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In the Land of Smiles

There was a split moment where I noticed several people skittering out from the sidewalks into shops and under awnings. The cloud covered sky over head likened itself to that of a thick smoke and then water, from nowhere, was everywhere. You haven’t had rain till you have had tropical rainy season rain. I was drenched in seconds. In America it would not have been uncommon to spit and swear, to get angry and upset. But this is Thailand. Walking over to the nearest cover I heard a woman call out to me in Thai and in turning back was greeted with a smile. The woman standing before me bowed her head and handed me a kabob of pineapple and pomelo and though I was soaking wet and a mile from home I couldn’t help but smile. This is Thailand.
The last week before leaving for my program was one of the most anxious times of my life. There is something about knowing that in a few short days your life with be changed drastically for the better that can mess with your head. Most of this anxiety was less nervousness about the move over but almost entirely about my own readiness to just be in Thailand. Of course, I was nervous about meeting new people or getting past the language barrier, but nothing trumped the awesome feeling of adventure and starting something new. And now that I’m in the country and have settled in, I can really feel that nervousness, that anxiety, falling away.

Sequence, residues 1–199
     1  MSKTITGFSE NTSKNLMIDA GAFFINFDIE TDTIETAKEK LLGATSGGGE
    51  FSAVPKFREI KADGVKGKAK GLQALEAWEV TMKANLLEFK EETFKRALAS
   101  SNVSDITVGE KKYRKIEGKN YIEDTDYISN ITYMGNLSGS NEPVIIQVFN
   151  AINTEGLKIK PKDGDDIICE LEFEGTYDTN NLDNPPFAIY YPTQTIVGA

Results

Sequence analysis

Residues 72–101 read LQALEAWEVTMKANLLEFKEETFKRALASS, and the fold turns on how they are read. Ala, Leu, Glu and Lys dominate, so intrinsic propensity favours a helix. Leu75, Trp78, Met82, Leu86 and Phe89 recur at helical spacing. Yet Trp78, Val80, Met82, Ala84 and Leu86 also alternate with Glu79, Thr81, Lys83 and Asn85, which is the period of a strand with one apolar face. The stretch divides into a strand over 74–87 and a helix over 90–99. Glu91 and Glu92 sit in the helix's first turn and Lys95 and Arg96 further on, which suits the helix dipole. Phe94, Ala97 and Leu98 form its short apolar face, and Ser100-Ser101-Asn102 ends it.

Arriving in Thailand has raised some new questions and erased some preconceived ideas of what life would be like here. There is no climate like Thailand’s climate. The sticky heat is everywhere and the rain comes down in sheets but it isn’t unbearable. I believe with time I can find it quite nice. I had been told it was hot here, but no one could have prepared me for the humidity. In a similar way, before I arrived I had this idea that because of the language barrier the native people wouldn’t even try to work with me. After multiple times of ordering meals and getting directions with no working knowledge of the language, I cannot stress how wrong I was; the Thai people have taken these problems with a smile and a great attitude.
This all makes for a wonderful experience so far and I can feel myself already growing accustomed to the many changes this move constitutes. And every time I’m caught in a monsoon rain or lost in the winding streets outside Bangkok I can do as the Thai do. I can smile and laugh it off because this is Thailand.